If you’d asked me a week ago what I’d be doing for the majority of the day two days before my thirtieth birthday, waiting in a queue to chat with Shia LaBeouf in an elevator would not have been anywhere near that list.
But I’m in Oxford, and I’m learning that pretty much anything can happen.
The project was announced early in the morning of 19th February, so by the time I woke up and had my breakfast, the project was well under way. I watched the livestream for about half an hour and realized I would kick myself later if I didn’t try to make it on. My friend Emily was game and we went and joined our friend Ross in the queue.
The #ELEVATE experiment was an attempt to create a somewhat more egalitarian atmosphere for speaking at the Oxford Union. The Union, of which I am a part, got its start as Oxford’s debating society, and has a reputation of being, well, privileged. There’s a sense of an Old Boys Club about it, and the Union is definitely a must for anyone with social or political aspirations in British society post-Oxford. As a result of this institutional reputation, and a bill of speakers and debates that function solely on their exclusionary, members-only basis, the Union is largely institutionalized whiteness, and though whiteness is never really an accident, it’s something the Union grapples with how to change (and that’s very hard to do).
LaBeouf and his artistic partners, Roenkko and Turner, were aware of this reputation heading in to speak, and as a result, they made a deal with the Union to create a space where people who normally wouldn’t have access to the Union’s bill of speakers or the debating floor could see and interact and talk about whatever they wanted. It’s an egalitarian, artistic move that still has its issues (waiting in line for five hours in the cold isn’t something a lot of people are necessarily up for, and there’s a necessary performance that takes place when you’re having a conversation with someone who is, by all accounts, famous).
I appreciated this move on the trio’s part, and was pretty happy to discover, upon talking to them, that they’d refused all speaker fees for the event. As a feminist writer, I think it’s important for people with power (and fame is power) to recognize where that power is best spent and to use it to—excuse the pun—elevate the voices people who normally wouldn’t have a chance.
When my friends and I got into the elevator, we ended up discussing South Dakotan politics, thanks to Shia’s choice of sweatshirt which was a souvenir shirt from the Black Hills. We talked about how our state government has enacted racist policies designed to keep Native Americans subjugated. We also discussed the current bathroom bill that is sitting on the governor’s desk, which polices the bathroom use of transgender high school students in the state, in violation of Title IX (and basic human decency).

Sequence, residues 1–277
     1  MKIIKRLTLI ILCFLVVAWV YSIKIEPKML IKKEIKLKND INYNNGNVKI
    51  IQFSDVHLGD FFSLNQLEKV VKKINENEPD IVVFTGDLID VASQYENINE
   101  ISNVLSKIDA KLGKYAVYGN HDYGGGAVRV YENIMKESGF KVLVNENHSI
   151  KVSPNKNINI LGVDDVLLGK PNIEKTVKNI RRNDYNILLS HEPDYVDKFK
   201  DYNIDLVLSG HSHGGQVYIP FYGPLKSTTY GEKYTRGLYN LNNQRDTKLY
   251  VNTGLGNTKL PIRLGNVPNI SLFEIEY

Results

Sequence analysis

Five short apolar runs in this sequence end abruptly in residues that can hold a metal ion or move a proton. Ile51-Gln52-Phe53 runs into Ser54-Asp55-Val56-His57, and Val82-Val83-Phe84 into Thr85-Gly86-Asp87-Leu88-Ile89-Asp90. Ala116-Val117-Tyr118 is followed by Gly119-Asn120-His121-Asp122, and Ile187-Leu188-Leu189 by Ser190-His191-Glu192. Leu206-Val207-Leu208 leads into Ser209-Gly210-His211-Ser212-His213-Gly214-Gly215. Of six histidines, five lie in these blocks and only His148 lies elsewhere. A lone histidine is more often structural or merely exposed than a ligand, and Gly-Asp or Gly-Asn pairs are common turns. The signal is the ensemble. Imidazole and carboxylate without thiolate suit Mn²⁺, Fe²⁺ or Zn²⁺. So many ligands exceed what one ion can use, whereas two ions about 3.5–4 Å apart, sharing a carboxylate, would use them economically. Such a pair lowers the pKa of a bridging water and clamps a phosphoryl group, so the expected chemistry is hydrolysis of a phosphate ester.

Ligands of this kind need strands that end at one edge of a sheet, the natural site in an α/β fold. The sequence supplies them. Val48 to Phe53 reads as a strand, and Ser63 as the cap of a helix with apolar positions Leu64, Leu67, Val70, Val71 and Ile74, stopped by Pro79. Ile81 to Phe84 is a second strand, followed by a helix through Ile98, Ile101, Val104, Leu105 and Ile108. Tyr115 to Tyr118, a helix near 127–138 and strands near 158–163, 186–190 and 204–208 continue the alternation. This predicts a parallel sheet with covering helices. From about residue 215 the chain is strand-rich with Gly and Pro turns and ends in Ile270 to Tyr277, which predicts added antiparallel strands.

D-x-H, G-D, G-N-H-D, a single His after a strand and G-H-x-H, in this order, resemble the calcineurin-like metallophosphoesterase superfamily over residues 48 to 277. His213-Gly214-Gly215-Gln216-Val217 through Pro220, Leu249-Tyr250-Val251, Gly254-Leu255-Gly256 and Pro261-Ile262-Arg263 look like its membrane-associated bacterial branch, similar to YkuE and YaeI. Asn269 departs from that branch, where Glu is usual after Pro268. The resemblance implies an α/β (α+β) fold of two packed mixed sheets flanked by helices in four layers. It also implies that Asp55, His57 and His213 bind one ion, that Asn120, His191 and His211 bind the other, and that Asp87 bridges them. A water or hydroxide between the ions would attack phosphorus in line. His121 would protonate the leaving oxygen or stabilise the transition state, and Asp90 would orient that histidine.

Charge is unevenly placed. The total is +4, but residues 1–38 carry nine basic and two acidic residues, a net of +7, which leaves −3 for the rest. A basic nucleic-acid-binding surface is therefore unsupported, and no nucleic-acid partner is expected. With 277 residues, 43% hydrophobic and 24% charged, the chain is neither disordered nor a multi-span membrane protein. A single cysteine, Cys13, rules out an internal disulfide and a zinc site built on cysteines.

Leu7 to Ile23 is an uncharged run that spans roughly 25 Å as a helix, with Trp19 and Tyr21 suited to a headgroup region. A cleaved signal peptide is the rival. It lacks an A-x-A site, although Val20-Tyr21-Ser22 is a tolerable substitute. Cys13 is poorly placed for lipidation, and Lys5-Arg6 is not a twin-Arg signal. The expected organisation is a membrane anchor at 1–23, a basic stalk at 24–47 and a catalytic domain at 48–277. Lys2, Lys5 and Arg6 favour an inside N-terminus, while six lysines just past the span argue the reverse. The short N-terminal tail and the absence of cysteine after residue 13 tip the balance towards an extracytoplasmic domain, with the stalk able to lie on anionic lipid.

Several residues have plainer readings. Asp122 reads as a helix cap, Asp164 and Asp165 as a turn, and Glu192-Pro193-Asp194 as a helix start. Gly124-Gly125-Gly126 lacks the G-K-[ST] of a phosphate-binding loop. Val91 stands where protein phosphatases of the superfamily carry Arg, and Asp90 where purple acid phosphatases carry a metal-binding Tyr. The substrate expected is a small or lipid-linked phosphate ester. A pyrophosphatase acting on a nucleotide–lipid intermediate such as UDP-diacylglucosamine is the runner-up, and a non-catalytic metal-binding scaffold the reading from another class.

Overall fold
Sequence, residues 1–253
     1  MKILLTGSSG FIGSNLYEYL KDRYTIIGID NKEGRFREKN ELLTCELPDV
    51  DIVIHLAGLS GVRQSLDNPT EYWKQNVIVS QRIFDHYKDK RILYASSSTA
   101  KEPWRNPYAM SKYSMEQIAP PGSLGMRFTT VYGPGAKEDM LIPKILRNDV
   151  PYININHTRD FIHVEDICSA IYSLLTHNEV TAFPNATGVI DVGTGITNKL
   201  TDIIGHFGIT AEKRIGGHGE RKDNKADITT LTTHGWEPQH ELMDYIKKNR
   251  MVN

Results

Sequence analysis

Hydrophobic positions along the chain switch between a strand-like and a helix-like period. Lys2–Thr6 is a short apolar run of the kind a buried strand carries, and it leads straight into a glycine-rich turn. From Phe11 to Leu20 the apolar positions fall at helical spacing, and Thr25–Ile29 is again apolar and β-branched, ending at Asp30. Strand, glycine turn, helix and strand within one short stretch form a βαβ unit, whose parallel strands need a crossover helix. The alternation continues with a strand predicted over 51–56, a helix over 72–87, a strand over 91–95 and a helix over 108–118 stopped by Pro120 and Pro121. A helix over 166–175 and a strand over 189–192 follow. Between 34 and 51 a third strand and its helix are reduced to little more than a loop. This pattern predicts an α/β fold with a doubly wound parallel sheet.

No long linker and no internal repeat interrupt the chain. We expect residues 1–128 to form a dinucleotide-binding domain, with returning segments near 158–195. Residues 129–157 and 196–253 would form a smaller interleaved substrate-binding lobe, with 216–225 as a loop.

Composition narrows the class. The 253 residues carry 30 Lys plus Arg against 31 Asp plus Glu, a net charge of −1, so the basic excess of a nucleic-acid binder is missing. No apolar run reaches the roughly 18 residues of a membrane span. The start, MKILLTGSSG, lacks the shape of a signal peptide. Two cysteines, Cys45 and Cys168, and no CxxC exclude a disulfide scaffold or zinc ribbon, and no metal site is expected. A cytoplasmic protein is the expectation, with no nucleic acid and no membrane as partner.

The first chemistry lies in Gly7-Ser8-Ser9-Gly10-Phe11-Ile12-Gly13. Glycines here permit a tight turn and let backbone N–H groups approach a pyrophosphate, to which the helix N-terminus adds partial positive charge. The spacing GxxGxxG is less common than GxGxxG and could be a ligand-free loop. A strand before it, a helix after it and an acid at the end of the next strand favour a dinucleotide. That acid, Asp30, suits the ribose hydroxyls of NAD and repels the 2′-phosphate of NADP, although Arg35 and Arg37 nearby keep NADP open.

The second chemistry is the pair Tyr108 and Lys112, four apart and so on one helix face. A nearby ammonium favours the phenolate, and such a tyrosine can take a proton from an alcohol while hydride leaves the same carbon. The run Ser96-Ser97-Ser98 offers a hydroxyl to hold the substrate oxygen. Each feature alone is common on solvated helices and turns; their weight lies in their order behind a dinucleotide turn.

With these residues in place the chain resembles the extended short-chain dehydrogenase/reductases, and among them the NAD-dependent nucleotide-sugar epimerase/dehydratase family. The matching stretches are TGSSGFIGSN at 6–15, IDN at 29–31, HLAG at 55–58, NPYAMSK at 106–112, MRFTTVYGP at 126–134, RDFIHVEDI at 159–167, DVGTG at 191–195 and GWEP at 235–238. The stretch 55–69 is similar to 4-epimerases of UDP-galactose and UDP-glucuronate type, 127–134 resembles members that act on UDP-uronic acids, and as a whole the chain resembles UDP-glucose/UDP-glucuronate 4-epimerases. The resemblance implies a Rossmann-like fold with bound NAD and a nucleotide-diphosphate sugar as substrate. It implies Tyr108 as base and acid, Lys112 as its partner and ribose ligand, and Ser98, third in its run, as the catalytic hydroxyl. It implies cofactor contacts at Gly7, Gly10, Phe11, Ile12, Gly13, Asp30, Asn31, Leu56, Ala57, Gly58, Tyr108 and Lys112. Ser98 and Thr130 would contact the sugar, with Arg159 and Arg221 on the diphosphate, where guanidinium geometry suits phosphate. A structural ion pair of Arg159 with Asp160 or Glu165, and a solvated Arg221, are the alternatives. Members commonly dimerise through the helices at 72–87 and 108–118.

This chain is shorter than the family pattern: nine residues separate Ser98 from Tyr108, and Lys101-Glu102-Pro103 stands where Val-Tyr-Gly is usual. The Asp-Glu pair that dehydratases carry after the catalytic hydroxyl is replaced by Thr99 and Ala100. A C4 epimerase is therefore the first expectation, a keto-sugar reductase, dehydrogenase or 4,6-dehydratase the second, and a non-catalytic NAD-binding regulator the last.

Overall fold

We then talked about the nature of the Union as an old boys’ club, and my friend Emily talked about why she refuses to join. It was this conversation that possibly led to the most interesting part of my day. Upon leaving the elevator, I heard my name and saw Stuart Webber, the current President of the Oxford Union, standing by the stairwell. Stuart and I have corresponded briefly before, as he did me the favor of getting me in to meet Jon Favreau, Obama’s former speechwriter, when he spoke at the Union last week.
But this time, Stuart had a bee in his bonnet about what was said about the Union in the elevator. He seemed genuinely concerned that the Union has the reputation of an Old Boys’ Club and specifically had an issue with the term “institutionally racist.” He wanted to know how they could change things.
This conversation changed the dynamic and Stuart’s confrontation became part of my story of that lift. We knew what was being said was being broadcast, and we were conscious of that fact, but to have what we said immediately confronted by the Union president was an experience and a half. I explained, as best I could, that even institutions founded on liberal principles will turn conservative and institutions themselves are inherently conservative, inherently white spaces much of the time because institutions like to do what they can to preserve themselves. I don’t know that Stuart understood and I don’t think that was the answer he was looking for. But that was the answer he got.
It was fascinating to see how the experiment in the elevator rippled out and struggled and clashed with the institutional standard that demands things be performed in particular ways—ways that tend to cater toward white people. I mean, the Oxford Union is the place that, last year, had a drink special at the bar called the “Colonial Comeback.” So it’s a little hard to argue that it doesn’t have issues on some level, just as every institution does.
I don’t have an answer for how we can change the Union without tearing it down altogether. I’m an iconoclast, and despite being a member of the Union now, it’s a calculated move to have access to opportunities I otherwise would not. I could afford it, this year, and so I did it. But, perhaps, that just makes me part of the problem.